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Monday, September 21, 2020

Maritime Logistics Professional

June 11, 2020

COVID-19 Weighs on Great Lakes-Seaway Shipping

File photo: The Federal Schelde dropping off a load of salt at the Port of Johnstown in 2019. (Photo: Port of Johnstown)

File photo: The Federal Schelde dropping off a load of salt at the Port of Johnstown in 2019. (Photo: Port of Johnstown)

While St. Lawrence Seaway cargo volumes decreased during the past two months due to economic shifts related to COVID-19, industry leaders said the binational trade and transportation corridor is ready to play its part in the economic recovery efforts in the coming months. Meanwhile, with an increased focus on commodity diversification through project cargo, international shipments of wind energy components in the Great Lakes region are taking off.

Overall St. Lawrence Seaway tonnage from March 15 through May 31 totaled 7.7 million metric tons, down 10% compared to the same time period in 2019. Road salt and project cargo shipments such as wind turbine components have remained strong throughout the last two months. However, cargo volumes of steel-related materials, construction materials, and petroleum declined as automotive plants and work sites closed and people stayed home during COVID-19-related emergency measures.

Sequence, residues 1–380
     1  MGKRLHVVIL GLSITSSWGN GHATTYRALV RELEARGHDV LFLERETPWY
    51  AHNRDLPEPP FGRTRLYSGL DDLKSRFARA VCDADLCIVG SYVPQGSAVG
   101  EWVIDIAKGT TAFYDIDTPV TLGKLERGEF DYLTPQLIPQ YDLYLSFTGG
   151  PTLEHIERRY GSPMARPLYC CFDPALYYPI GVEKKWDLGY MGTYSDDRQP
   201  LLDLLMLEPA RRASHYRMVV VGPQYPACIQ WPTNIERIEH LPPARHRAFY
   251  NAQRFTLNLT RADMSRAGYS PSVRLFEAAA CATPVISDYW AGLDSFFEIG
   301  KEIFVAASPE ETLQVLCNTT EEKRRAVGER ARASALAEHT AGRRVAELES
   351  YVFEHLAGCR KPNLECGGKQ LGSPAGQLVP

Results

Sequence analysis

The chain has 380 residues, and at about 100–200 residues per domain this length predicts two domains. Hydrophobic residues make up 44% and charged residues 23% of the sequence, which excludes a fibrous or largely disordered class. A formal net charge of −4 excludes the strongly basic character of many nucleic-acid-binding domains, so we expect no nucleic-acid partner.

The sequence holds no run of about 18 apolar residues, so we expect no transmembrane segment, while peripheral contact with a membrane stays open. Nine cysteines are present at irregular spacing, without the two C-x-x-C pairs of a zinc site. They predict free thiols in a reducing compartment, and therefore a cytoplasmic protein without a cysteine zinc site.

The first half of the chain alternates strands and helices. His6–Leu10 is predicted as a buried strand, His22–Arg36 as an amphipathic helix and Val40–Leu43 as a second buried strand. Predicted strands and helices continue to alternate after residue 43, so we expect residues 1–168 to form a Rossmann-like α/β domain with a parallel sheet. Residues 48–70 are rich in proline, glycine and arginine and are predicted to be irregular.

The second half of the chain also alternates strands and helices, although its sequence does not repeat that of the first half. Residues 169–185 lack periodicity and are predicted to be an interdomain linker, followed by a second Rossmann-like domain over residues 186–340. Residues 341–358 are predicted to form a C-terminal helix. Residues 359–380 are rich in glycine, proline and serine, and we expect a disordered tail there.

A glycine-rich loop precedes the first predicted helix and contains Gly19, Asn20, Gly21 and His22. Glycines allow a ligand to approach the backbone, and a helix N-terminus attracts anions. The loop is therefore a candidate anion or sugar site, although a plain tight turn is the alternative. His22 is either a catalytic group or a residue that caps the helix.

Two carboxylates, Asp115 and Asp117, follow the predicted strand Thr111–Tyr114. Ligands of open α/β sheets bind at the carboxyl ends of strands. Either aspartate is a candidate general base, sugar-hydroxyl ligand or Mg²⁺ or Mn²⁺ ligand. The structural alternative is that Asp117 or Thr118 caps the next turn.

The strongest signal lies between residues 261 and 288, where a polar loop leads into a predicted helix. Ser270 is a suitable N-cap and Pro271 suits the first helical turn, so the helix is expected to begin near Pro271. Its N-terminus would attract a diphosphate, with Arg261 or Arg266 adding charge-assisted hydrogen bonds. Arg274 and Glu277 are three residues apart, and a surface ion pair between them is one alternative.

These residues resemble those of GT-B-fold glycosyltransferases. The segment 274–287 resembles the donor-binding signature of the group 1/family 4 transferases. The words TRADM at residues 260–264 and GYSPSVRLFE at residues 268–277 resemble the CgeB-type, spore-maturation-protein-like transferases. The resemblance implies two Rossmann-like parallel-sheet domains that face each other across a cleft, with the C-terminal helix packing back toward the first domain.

"Great Lakes-Seaway shipping has continued to get the job done during these challenging times, safely delivering vital grain, renewable energy supplies and manufacturing inputs for domestic needs and world markets,” says Bruce Burrows, President and CEO of the Chamber of Marine Commerce. “Ship operators, ports, suppliers and the Seaway operators have really pulled together to put protective measures in place for our workers and the public and to ensure our transportation system has continued to operate throughout the pandemic without interruption or delay for our customers. Moving forward, Great Lakes-St. Lawrence Seaway shipping is ready to support ongoing efforts to restart the U.S. economy.”

“In times like these, it is reassuring to see our ports in the Great Lakes St. Lawrence Seaway System working hard to keep the supply chain moving. The Great Lakes Seaway marine transportation system is critical infrastructure, and remains vital to keeping commerce flowing without disruption in order to support North America’s agricultural, manufacturing, construction, energy, and mining industries,” said Craig H. Middlebrook, Deputy Administrator of the U.S. Saint Lawrence Seaway Development Corporation.

File photo: The Algoma Equinox loads grain at the Port of Thunder Bay. (Photo Thunder Bay Port Authority)

Dry bulk cargo shipments on the Seaway, which include cargoes like stone, cement among others, were down 5%. However, one of the first areas of improvement expected in cargo volumes are construction materials as pandemic-related restrictions continue to be lifted throughout the Great Lakes-St. Lawrence region.